The Journal of Japanese Studies
Format for Article and Book Review Manuscripts
Manuscripts should be double-spaced throughout, including block quotations and endnotes (these will ultimately appear in print as footnotes). Authors are responsible for providing professional-quality, camera-ready copy as well as copyright permissions (where appropriate) for images. Manuscripts should be paginated with no other header or footer information. Microsoft Word (for PC) is preferred for final files submitted for copy-editing; submissions may be sent as PDF files.
Please note: Anything that is to ultimately be printed in italics should appear in the manuscript with underlining.
JJS footnote citations mostly follow The Chicago Manual of Style as shown in the examples below. Do not use the author-date system of social science style. In reviews, page numbers of the book under review may be cited in parentheses in the text.
Provide sufficient information for readers to look up your citations. Use a short title for repeated citations of the same work: Noguchi, “Keynes seisaku.” Ibid. may be used, but loc. cit., op cit., and passim may not.
Use of Japanese
Some Japanese words are widely accepted in English, and JJS prints these without italics: anime, haiku, kabuki, manga, sumo, shogun, and yakuza, for example. Italics are retained for other terms, such as bakumatsu, burakumin, daimyō, kokugaku, nō, renga, sake, and zainichi.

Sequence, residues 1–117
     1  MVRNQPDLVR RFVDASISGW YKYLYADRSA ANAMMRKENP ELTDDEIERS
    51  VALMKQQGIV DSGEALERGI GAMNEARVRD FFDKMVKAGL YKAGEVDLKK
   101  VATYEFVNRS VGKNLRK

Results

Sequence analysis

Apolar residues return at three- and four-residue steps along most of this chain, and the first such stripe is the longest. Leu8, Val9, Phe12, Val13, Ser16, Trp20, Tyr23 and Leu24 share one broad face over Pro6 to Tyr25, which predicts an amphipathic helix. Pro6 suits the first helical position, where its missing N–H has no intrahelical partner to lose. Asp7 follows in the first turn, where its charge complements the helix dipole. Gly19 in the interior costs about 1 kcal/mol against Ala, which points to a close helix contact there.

No macrons are used
in JJS on modern reign names or common place names (Tokyo, Kyoto, Osaka,
Kobe, the 47 prefectures, and Japan's four main islands), except when
those appear in a Japanese-language phrase or proper noun (e.g., Tōkyō
Daigaku Shuppankai). Shintō is set in roman letters with a macron.
Please consult The Chicago Manual of Style for guidance on hyphenation. For example, these prefixes are used without hyphenation: pre, post, non, anti, un, and co.
Text elements of other works appear in lower-case letters with arabic numbers (chapter 2, part 1). United States should be used as a noun, U.S. for the adjective. The serial or "Oxford" comma is used for items in a list: red, blue, and yellow.